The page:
Archive for “art”
One of my favorite performances at TEDxUSC this year was by the actress and writer Dinah Lenney, who explored the connections between life and art. I can’t help but think that her training as an actress has made her a bit more sensitive than the average writer is about the “reality” of fiction and the visceral connections it forges between representation and material existence. Through a series of poignant and funny tales, Lenney explains why it is that she is more awestruck by a painting of a tree than the tree itself. To her, it’s the human intervention, the longing to capture in art something that simply occurs in nature, that gives her a sense of awe.
I was reminded of Jean Baudrillard‘s infamous formulation of the simulacrum: he argued that a really compelling representation of something (a picture of a sunset, for instance) may all too easily become the primary referent for the real thing (e.g., the actual sunset). Whenever you find yourself saying, “Hey! That looks just like a postcard!” then you have become subject to the allure of the simulacrum. But while Baudrillard bemoans the dehumanizing aspects of this displacement — this re-placement, as it were — Lenney celebrates it. She sees how important the witnessing of that sunset actually is: a human tried to tell us about it through a postcard, and the message was received.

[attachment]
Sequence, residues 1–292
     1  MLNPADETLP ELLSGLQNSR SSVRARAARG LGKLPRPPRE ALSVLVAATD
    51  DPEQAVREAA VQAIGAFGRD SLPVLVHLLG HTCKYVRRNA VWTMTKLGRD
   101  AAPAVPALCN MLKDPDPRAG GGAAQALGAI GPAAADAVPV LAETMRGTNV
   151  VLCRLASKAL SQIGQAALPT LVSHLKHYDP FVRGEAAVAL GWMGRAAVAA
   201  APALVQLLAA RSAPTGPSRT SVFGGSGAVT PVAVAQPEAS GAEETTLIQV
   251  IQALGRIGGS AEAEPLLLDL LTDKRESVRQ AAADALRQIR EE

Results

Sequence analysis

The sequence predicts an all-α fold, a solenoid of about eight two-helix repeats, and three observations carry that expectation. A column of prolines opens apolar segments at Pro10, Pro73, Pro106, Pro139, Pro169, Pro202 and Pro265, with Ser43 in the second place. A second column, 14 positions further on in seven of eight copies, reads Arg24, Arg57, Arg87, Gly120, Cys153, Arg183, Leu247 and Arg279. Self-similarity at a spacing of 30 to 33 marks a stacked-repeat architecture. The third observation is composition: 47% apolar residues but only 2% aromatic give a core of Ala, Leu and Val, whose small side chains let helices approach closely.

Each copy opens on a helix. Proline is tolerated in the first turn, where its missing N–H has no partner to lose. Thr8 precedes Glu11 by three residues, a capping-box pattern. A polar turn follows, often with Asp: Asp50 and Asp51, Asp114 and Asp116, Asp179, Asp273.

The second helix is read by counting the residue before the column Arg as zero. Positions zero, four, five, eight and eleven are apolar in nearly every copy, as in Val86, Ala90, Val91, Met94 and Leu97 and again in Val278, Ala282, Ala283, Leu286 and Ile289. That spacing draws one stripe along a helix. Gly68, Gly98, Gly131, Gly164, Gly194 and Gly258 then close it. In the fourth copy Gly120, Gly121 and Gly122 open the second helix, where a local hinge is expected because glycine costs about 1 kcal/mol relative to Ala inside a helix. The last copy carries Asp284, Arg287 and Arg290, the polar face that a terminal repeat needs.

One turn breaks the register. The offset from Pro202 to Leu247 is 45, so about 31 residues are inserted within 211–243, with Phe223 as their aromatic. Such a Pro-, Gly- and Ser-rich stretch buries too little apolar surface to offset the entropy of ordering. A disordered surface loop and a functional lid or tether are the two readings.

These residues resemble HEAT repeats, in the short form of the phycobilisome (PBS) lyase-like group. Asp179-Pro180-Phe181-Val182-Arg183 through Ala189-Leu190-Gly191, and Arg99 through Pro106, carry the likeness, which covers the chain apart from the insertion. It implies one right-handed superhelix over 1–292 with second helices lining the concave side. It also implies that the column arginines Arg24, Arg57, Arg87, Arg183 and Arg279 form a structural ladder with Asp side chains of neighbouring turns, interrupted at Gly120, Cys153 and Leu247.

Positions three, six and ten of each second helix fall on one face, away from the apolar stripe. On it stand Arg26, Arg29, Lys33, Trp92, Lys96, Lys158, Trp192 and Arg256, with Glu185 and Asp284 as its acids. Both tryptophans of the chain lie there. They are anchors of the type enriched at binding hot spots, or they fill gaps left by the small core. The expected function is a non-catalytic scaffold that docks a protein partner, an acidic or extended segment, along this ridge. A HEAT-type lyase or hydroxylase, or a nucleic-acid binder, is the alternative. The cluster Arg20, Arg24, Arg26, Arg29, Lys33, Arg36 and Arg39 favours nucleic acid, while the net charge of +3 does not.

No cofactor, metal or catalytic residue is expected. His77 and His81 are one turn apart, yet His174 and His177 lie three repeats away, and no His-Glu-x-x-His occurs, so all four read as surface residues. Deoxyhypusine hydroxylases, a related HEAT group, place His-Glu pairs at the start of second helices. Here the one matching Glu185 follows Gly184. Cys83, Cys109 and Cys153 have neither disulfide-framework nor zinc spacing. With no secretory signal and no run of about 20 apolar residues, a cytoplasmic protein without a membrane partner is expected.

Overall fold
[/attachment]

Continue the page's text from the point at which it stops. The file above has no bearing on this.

Viva la simulacra!
I’m really excited to be a judge for the Core77 Design Awards this year. The marvelous Mariana Amatullo, Co-Founder and Vice President of Designmatters at Art Center College of Design, is our jury chair for the Educational Initiatives category. The deadline is April 10, 2012: so submit now!
This year’s program presents 17 categories of entry, providing designers, researchers and writers a unique opportunity to communicate the intent, rigor and passion behind their efforts. The top professional and student entries receive the Awards trophy and the opportunity to attend a celebration in New York City, and all honorees will be published in the Awards Gallery, across the Core77 online network and in the awards publication. Early registrants receive a limited-edition 2012 poster designed by Studio Lin.